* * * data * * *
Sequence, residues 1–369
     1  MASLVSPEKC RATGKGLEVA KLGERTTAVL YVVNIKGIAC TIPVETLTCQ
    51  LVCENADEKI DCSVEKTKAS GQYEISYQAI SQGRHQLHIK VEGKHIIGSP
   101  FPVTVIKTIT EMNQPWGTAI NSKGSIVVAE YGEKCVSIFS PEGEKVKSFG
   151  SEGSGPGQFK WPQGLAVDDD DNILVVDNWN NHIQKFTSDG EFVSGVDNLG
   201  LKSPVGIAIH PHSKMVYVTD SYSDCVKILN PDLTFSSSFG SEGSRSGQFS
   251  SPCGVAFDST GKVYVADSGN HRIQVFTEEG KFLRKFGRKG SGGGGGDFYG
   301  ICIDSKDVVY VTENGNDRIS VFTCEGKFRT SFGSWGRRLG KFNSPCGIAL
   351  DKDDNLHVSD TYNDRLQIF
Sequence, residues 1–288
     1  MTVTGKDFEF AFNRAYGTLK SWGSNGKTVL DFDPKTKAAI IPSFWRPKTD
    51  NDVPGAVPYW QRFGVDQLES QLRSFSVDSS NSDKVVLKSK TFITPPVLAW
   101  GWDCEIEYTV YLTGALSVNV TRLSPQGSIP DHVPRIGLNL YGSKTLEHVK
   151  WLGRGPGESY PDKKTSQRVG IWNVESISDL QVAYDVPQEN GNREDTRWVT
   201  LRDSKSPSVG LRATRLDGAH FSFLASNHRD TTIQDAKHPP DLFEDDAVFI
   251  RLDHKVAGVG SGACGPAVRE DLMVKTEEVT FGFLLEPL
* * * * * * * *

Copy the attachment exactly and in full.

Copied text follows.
Sequence, residues 1–369
     1  MASLVSPEKC RATGKGLEVA KLGERTTAVL YVVNIKGIAC TIPVETLTCQ
    51  LVCENADEKI DCSVEKTKAS GQYEISYQAI SQGRHQLHIK VEGKHIIGSP
   101  FPVTVIKTIT EMNQPWGTAI NSKGSIVVAE YGEKCVSIFS PEGEKVKSFG
   151  SEGSGPGQFK WPQGLAVDDD DNILVVDNWN NHIQKFTSDG EFVSGVDNLG
   201  LKSPVGIAIH PHSKMVYVTD SYSDCVKILN PDLTFSSSFG SEGSRSGQFS
   251  SPCGVAFDST GKVYVADSGN HRIQVFTEEG KFLRKFGRKG SGGGGGDFYG
   301  ICIDSKDVVY VTENGNDRIS VFTCEGKFRT SFGSWGRRLG KFNSPCGIAL
   351  DKDDNLHVSD TYNDRLQIF
Sequence, residues 1–288
     1  MTVTGKDFEF AFNRAYGTLK SWGSNGKTVL DFDPKTKAAI IPSFWRPKTD
    51  NDVPGAVPYW QRFGVDQLES QLRSFSVDSS NSDKVVLKSK TFITPPVLAW
   101  GWDCEIEYTV YLTGALSVNV TRLSPQGSIP DHVPRIGLNL YGSKTLEHVK
   151  WLGRGPGESY PDKKTSQRVG IWNVESISDL QVAYDVPQEN GNREDTRWVT
   201  LRDSKSPSVG LRATRLDGAH FSFLASNHRD TTIQDAKHPP DLFEDDAVFI
   251  RLDHKVAGVG SGACGPAVRE DLMVKTEEVT FGFLLEPL